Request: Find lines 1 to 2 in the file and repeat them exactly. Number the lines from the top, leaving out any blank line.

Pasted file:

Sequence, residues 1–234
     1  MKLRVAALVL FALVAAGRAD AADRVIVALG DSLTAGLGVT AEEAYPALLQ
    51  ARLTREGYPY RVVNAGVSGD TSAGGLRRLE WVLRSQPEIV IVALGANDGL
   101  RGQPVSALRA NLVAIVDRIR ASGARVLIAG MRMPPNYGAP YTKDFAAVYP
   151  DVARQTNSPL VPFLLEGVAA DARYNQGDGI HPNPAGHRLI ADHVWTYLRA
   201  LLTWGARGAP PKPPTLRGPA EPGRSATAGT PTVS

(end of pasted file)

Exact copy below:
Sequence, residues 1–234
     1  MKLRVAALVL FALVAAGRAD AADRVIVALG DSLTAGLGVT AEEAYPALLQ